Katherine D. Graham - Magical YA Fantasy
Katherine D. Graham is a fantasy author, developmental editor, and Top-10 Reedsy Reviewer. Her debut Epic Fantasy novel, The Vow That Twisted Fate (July 2021), is a 5-star Indie Reader Approved novel, and one of five fantasy finalists in the 2021 Next Generation Indie Book Awards. Katherine is happily married to her high-school sweetheart (her Hero). Together they have two awesome sons and three adorable fur-daughters. Katherine loves reading, writing, swimming, traveling, grilling out, and playing video games. Japan is her happy place. As our Author of the Day, she tells us all about her book, The Vow That Twisted Fate.
Please give us a short introduction to what The Vow That Twisted Fate is about.
The Vow That Twisted Fate follows young queen Arlena from a world without evil, like a pentagram to a parallel evil dimension opens in the sky and an ancient sorceress prepares to invade/conquer the good world. Arlena calls a legendary company of Dwarven warriors forward in time to help her defeat their old foe.
What inspired you to write about someone who is used to a world without evil?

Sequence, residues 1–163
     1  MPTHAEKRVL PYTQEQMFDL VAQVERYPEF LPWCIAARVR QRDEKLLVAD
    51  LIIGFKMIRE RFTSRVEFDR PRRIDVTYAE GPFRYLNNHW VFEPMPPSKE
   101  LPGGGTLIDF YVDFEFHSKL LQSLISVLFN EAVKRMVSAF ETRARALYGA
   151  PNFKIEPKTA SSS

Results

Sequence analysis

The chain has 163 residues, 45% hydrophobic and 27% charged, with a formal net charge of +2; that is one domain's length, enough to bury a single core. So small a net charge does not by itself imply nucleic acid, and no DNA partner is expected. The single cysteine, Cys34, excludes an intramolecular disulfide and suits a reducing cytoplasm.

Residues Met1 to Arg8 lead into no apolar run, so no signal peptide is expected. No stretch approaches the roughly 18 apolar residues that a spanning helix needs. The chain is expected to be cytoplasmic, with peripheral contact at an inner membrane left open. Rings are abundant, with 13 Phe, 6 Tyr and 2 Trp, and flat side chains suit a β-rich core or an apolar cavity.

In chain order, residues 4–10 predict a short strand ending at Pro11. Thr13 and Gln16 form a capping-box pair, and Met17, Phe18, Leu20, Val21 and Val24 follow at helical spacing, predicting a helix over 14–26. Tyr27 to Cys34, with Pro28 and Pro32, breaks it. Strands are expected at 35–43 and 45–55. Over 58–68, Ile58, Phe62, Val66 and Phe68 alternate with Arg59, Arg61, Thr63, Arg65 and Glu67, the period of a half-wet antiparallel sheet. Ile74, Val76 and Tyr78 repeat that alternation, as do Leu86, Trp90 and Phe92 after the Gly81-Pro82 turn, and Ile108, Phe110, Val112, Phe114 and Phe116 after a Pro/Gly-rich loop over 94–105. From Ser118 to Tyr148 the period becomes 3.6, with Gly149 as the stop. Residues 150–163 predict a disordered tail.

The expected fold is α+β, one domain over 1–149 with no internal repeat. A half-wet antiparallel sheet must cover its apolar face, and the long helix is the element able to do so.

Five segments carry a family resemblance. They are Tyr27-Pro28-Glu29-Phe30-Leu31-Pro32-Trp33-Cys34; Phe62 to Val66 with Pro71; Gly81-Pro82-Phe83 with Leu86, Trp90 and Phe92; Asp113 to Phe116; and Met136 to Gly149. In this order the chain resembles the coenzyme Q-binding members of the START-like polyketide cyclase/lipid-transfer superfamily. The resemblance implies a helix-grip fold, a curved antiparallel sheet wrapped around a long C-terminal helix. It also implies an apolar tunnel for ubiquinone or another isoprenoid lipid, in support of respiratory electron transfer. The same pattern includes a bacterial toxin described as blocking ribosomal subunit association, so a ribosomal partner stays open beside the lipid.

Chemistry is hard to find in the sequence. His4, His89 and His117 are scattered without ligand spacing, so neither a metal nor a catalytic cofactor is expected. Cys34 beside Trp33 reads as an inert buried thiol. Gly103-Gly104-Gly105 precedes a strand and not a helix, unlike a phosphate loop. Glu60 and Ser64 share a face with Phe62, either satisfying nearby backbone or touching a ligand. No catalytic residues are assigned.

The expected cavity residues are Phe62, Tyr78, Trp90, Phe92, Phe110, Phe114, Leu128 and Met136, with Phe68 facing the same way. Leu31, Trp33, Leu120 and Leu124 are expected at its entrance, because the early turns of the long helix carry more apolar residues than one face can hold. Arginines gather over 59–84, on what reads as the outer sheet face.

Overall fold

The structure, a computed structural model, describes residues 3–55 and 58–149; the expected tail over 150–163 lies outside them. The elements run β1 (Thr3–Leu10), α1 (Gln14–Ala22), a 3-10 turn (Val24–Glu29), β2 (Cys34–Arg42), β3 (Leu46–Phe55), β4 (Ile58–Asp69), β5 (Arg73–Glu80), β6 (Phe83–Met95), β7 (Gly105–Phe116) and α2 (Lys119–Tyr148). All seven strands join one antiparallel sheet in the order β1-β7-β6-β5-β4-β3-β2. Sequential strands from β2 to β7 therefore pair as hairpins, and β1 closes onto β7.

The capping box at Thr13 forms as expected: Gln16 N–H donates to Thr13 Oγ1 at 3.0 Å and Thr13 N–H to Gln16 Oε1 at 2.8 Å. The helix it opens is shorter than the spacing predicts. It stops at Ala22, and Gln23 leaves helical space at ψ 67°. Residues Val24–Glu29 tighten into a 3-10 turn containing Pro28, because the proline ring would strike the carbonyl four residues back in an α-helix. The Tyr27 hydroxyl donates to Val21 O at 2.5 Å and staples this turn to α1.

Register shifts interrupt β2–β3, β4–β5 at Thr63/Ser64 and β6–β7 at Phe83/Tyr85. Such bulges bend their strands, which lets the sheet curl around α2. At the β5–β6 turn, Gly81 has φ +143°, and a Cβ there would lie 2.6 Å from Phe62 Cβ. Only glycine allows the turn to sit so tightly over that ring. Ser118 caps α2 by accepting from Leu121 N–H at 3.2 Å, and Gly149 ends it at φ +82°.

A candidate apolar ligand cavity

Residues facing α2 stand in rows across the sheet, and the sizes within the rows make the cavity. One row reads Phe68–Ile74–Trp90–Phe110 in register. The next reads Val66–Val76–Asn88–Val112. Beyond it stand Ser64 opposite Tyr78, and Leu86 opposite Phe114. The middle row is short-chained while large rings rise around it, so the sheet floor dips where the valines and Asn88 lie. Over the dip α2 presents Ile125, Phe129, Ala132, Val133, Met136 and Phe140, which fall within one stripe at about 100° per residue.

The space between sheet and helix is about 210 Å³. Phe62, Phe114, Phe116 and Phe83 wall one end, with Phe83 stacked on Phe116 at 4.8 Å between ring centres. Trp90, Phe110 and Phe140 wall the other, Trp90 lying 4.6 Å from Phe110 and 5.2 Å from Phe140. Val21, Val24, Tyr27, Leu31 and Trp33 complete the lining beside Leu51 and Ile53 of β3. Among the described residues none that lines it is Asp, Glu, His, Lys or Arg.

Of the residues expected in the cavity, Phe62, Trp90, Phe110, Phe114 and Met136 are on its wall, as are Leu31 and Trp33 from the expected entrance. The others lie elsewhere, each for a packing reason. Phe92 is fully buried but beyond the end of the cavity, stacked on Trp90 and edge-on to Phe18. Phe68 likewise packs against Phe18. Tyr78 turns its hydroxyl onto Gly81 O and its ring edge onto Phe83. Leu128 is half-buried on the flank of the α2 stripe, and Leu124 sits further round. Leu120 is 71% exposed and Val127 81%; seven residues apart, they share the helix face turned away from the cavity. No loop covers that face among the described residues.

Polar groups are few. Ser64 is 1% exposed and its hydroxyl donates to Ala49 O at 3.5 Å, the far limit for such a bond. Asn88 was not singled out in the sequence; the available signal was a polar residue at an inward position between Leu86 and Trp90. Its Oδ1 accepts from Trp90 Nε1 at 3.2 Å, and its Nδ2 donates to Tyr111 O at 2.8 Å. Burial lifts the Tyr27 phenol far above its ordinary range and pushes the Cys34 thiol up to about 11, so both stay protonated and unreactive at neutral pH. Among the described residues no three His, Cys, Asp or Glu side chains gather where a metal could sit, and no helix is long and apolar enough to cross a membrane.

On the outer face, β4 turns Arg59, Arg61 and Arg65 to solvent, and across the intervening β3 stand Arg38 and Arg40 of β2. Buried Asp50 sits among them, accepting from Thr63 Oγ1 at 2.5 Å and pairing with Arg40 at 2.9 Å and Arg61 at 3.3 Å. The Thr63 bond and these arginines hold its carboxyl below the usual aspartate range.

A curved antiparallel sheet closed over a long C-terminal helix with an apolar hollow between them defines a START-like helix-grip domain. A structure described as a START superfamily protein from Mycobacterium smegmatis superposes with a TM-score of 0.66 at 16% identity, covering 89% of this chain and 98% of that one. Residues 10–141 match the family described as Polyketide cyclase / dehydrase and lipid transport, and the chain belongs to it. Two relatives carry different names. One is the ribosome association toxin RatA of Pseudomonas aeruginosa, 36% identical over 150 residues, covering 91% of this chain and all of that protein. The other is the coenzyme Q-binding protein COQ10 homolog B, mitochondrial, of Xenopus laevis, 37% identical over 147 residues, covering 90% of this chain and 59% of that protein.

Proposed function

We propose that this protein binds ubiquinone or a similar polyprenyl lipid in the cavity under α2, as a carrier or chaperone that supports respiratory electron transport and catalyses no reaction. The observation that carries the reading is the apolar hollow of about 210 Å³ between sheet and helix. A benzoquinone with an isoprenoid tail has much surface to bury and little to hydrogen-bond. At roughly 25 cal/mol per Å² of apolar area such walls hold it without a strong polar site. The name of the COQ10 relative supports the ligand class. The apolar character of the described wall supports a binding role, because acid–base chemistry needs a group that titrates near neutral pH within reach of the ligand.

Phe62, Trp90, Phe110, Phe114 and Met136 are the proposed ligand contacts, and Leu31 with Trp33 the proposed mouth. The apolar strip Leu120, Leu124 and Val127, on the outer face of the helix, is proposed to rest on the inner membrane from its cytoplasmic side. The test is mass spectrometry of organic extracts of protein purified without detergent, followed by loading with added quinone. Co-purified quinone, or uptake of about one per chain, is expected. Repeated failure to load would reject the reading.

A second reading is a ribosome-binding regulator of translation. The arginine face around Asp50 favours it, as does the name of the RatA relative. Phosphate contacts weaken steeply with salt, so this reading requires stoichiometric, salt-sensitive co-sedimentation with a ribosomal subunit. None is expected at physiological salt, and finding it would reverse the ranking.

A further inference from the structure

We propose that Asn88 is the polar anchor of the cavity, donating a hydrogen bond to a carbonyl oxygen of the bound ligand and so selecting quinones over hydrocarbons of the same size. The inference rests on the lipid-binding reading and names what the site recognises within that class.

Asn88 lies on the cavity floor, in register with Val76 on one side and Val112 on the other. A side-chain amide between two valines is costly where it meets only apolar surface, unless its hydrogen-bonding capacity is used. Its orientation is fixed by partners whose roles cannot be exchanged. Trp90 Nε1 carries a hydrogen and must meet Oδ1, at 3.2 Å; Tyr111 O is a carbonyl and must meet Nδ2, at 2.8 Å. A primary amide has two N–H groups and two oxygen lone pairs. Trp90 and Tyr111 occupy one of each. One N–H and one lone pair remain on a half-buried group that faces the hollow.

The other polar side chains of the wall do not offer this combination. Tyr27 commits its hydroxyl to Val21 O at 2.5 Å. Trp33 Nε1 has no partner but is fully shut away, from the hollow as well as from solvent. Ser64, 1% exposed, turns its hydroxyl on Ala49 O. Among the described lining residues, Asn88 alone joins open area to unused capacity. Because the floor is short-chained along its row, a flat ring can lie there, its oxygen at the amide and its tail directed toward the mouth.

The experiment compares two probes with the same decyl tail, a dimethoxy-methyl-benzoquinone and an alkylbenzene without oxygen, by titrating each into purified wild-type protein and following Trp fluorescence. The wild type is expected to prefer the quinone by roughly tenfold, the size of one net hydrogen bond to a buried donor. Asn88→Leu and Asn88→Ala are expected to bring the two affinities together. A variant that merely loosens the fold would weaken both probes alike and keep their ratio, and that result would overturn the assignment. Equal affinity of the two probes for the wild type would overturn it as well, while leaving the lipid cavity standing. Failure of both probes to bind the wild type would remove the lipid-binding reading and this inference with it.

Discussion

The inspiration for the story came from a dream I had. In the dream, a queen from an innocent and pure world finds herself in the midst of the utmost evil in a parallel evil dimension. I had to find out what happened once I woke up, so the story was born from there.
Tell us more about Queen Arlena. What makes her tick?
Arlena is a dutiful, well-intentioned young woman, albeit a little naive. She would give anything for her people and her sister, but isn't the best at reading others' emotions. Arlena must make a huge transition in the book, from a 'selfish naive child' as the Dwarven King Maevric says toward the middle, into a self-sacrificing queen like her ancestor Valera at the end.